News and events
Landau Seminar Series 2015 -16
Wednesday 15 June, 2016 - 2.00pm, Room S.173 (Sir David Davies Building/S Building)
Abstract: Luttinger liquid model plays very special role in condensed matter physics because it provides rear opportunity to treat critical behaviour emerging due to interaction. Disorder in these strongly correlated one-dimensional systems leads to quantum phase transitions described by a set of critical exponents. The topology of the phase diagram can be universal and may be predicted by studying critical exponent associated with these phase transitions. There are relations between different exponents (dualities) that impose the phase diagram structure. I will discuss the origin of these dualities in multi-channel Luttinger liquids and show how they can be used to predict universal structure of phase diagrams.
Wednesday 08 June, 2016 - 2.00pm, W2.19 (Sir David Davies Building)
Abstract: In specially engineered light-matter systems photons can be made to interact strongly, which leads to a wide range of collective behaviours from order-disorder phase transitions and superfluidity to topological phases. However, their intrinsically dissipative nature results in highly non-equilibrium conditions leading to new phenomena which only start being explored. I will discuss a few examples of non-equilibrium collective effects in such systems.
In particular, the Berezinskii-Kosterlitz-Thouless mechanism, in which a phase transition is mediated by the proliferation of topological defects, governs the critical behaviour of a wide range of equilibrium two-dimensional systems with a continuous symmetry, ranging from spin systems to superconducting thin films and two-dimensional Bose fluids, such as liquid helium and ultracold atoms. We show that this phenomenon is not restricted to thermal equilibrium, rather it survives more generally in a dissipative highly non-equilibrium system driven into a steady-state. Yet, the exponent of the power-law decay of the first order correlation function in the (algebraically) ordered phase can exceed the equilibrium upper limit: this shows that the ordered phase of driven-dissipative systems can sustain a higher level of collective excitations before the order is destroyed by topological defects. Despite these differences, the universal dynamics following an infinitely fast quench across the transition reveals the same critical exponent as one expected for the equilibrium BKT transition, and the Kibble-Zurek mechanism seem to hold. Finally, despite the fact that the excitations spectra do not satisfy the Landau criterion, the dissipative-driven quantum fluid of light does exhibit some superfluid properties.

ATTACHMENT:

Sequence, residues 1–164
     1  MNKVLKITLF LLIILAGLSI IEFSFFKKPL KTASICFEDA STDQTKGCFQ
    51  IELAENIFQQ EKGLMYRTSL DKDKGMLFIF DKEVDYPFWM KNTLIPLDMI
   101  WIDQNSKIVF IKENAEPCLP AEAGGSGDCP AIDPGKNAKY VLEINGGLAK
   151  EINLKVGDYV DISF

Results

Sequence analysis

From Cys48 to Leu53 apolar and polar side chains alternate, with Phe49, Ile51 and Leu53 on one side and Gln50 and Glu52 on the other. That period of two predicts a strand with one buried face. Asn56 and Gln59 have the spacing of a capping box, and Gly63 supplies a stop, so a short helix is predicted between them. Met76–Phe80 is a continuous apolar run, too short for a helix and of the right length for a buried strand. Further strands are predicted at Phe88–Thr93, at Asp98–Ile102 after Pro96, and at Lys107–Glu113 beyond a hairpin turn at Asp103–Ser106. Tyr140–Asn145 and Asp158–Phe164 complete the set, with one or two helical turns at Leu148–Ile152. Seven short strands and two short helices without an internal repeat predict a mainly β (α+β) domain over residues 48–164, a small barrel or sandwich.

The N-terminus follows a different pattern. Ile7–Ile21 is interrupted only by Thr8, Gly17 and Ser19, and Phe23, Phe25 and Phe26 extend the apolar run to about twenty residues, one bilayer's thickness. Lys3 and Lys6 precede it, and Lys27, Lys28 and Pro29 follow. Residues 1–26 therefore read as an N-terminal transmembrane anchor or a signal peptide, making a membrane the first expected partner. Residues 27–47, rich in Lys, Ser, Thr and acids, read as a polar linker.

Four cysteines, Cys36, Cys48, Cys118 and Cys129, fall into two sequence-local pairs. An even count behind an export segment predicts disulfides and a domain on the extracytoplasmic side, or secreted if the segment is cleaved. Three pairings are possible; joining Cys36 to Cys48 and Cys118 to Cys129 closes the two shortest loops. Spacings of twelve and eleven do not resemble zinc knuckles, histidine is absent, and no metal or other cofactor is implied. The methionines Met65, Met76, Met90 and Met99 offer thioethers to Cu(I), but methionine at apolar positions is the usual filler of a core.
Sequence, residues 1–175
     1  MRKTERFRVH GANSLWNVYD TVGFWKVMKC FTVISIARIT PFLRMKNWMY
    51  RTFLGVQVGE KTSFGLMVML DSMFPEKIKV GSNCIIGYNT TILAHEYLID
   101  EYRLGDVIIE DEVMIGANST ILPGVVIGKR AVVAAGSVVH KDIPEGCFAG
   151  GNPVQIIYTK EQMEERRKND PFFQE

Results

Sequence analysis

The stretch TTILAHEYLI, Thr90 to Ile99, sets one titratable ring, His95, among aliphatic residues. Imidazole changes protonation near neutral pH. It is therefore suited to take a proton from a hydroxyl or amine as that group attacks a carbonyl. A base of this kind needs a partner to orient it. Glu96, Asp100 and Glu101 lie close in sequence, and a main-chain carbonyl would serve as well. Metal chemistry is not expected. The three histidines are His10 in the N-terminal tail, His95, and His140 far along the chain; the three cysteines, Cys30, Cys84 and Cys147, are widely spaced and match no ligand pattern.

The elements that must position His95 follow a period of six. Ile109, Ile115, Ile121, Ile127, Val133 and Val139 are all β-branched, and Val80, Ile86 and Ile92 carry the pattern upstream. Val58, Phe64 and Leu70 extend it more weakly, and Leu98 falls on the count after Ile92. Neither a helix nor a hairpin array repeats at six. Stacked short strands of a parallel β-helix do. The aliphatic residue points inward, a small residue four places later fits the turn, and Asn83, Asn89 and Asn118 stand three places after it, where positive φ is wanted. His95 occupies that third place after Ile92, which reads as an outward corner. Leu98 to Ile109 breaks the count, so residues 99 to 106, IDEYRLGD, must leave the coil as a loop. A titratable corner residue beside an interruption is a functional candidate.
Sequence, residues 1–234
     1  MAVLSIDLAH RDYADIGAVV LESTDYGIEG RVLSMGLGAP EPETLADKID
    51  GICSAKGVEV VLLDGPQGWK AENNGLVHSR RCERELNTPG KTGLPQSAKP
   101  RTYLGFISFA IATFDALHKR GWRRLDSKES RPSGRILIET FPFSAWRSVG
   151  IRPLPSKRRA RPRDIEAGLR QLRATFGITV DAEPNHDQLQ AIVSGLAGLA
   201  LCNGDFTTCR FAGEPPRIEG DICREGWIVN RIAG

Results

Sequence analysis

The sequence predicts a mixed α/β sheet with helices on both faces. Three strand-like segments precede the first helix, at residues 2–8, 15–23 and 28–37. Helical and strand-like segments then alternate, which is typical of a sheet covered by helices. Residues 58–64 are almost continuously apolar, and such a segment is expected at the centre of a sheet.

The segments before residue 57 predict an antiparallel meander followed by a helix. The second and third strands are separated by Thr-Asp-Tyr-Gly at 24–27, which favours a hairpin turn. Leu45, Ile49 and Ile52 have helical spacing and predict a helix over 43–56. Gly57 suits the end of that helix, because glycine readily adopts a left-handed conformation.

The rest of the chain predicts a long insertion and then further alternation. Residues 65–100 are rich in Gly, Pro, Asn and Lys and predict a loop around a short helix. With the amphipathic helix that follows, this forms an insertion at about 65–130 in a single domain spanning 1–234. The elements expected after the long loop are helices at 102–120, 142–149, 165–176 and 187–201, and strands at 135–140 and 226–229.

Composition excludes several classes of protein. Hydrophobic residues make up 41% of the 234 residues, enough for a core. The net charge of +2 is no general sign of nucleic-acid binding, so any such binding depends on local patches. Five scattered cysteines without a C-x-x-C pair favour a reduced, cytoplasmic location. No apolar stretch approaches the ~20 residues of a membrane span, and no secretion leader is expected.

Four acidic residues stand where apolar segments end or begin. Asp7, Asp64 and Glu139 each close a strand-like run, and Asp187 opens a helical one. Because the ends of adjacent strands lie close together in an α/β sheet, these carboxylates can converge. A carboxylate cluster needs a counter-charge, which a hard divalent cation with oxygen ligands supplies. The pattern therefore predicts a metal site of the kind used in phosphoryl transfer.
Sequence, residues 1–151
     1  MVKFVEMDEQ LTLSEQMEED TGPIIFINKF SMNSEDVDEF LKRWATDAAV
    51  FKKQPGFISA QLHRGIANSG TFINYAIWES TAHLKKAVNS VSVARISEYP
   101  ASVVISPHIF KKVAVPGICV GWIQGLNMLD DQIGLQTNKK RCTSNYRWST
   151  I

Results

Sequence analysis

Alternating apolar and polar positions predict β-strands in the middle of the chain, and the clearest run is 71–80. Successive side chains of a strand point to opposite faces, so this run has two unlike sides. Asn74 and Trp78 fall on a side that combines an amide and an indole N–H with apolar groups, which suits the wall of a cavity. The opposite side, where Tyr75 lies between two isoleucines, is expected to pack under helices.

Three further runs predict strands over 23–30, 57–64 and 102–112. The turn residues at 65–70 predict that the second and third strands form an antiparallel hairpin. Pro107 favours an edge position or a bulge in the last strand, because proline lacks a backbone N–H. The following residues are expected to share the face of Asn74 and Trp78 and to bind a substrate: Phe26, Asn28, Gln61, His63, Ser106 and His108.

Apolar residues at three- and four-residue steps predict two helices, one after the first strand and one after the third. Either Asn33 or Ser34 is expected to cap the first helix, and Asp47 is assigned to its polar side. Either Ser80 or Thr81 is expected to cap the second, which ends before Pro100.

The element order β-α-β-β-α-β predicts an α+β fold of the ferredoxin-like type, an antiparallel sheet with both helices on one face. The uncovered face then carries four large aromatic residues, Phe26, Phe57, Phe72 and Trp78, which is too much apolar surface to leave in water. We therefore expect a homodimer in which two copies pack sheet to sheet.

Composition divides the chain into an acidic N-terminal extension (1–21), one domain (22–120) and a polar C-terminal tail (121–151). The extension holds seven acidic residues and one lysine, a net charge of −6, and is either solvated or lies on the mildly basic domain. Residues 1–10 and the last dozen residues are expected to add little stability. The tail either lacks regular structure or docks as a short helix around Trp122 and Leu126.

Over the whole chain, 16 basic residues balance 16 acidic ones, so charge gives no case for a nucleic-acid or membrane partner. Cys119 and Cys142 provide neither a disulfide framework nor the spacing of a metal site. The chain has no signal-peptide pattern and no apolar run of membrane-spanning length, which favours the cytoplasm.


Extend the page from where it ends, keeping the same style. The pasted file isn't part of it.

Wednesday 11 May, 2016 - 2.00pm, W2.19 (Sir David Davies Building)
One-dimensional boson flow between weakly couple reservoirs - by Professor Igor Lerner, University of Birmingham
Abstract: We study a flow of ultracold bosonic atoms through a one-dimensional channel that connects two macroscopic three-dimensional reservoirs of Bose-condensed atoms via weak links implemented as potential barriers between each of the reservoirs and the channel. We consider reservoirs at equal chemical potentials so that a superflow of the quasicondensate through the channel is driven purely by a phase difference 2Φ imprinted between the reservoirs. We find that the superflow never has the standard Josephson form ∼ sin 2Φ. Instead, the superflow discontinuously flips direction at 2Φ =2π and has metastable branches. We show that these features are robust and not smeared by fluctuations or phase slips. We describe a possible experimental setup for observing these phenomena.
Wednesday 24 February, 2016 - 2.00pm, W2.19 (Sir David Davies Building)
A wave-guided Sagnac Interferometer for Bose-Einstein Condensates - by Dr Patrick Navez, University of Crete and CCQNC (Crete Centre for Quantum Complexity and Nanotechnology)
Abstract: Guided matter wave interferometry offers the possibility to largely increase the duration of the individual measurement event, thus promising a large increase in sensitivity albeit at the cost of reduced precision. In this talk we present a novel matter wave Sagnac interferometer based on state-dependent manipulation of atoms.
Waveguides based on time-averaged adiabatic potentials (TAAP) are generalized to the case of elliptic radio-frequency field. Taking advantage of the change in sign in the Zeeman energy, we derive distinct potentials for even and odd hyperfine components.
We analyze two following configurations, one where the two components are confined in two `buckets' and carried separately in the opposite direction through the ring, and one where these spin components are accelerated and decelerated within a wave guide.
Corrections to the ideal Sagnac phase are also investigated by extending the area theorem beyond a purely adiabatic movement of the atoms.
Wednesday 17 February, 2016 - 2.00pm, W2.19 (Sir David Davies Building)
The interplay between ultracold atoms, semiconductor surfaces and quantum electronic systems - by Professor Mark Fromhold, Department of Physics and Astronomy, University of Nottingham